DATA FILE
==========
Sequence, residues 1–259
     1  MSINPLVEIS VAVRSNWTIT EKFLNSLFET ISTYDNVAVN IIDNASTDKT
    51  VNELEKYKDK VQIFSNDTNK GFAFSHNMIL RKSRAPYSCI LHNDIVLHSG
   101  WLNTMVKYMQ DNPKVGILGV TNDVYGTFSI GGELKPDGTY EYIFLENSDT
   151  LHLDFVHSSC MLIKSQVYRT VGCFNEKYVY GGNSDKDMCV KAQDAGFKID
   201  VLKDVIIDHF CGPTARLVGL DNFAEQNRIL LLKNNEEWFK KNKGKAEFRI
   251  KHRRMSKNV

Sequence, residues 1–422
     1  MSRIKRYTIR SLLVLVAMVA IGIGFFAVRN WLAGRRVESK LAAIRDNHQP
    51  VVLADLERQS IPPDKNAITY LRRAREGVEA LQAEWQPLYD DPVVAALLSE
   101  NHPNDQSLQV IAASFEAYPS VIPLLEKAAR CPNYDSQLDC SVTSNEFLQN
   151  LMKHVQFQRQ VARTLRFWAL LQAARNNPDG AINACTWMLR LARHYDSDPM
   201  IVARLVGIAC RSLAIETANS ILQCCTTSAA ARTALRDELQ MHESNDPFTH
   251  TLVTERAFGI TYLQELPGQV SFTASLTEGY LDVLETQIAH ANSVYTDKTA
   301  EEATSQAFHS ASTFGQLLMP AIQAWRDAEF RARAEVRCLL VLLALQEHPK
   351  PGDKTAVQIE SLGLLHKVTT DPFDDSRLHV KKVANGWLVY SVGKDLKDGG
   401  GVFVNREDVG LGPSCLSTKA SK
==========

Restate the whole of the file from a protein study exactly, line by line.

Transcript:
Sequence, residues 1–259
     1  MSINPLVEIS VAVRSNWTIT EKFLNSLFET ISTYDNVAVN IIDNASTDKT
    51  VNELEKYKDK VQIFSNDTNK GFAFSHNMIL RKSRAPYSCI LHNDIVLHSG
   101  WLNTMVKYMQ DNPKVGILGV TNDVYGTFSI GGELKPDGTY EYIFLENSDT
   151  LHLDFVHSSC MLIKSQVYRT VGCFNEKYVY GGNSDKDMCV KAQDAGFKID
   201  VLKDVIIDHF CGPTARLVGL DNFAEQNRIL LLKNNEEWFK KNKGKAEFRI
   251  KHRRMSKNV

Sequence, residues 1–422
     1  MSRIKRYTIR SLLVLVAMVA IGIGFFAVRN WLAGRRVESK LAAIRDNHQP
    51  VVLADLERQS IPPDKNAITY LRRAREGVEA LQAEWQPLYD DPVVAALLSE
   101  NHPNDQSLQV IAASFEAYPS VIPLLEKAAR CPNYDSQLDC SVTSNEFLQN
   151  LMKHVQFQRQ VARTLRFWAL LQAARNNPDG AINACTWMLR LARHYDSDPM
   201  IVARLVGIAC RSLAIETANS ILQCCTTSAA ARTALRDELQ MHESNDPFTH
   251  TLVTERAFGI TYLQELPGQV SFTASLTEGY LDVLETQIAH ANSVYTDKTA
   301  EEATSQAFHS ASTFGQLLMP AIQAWRDAEF RARAEVRCLL VLLALQEHPK
   351  PGDKTAVQIE SLGLLHKVTT DPFDDSRLHV KKVANGWLVY SVGKDLKDGG
   401  GVFVNREDVG LGPSCLSTKA SK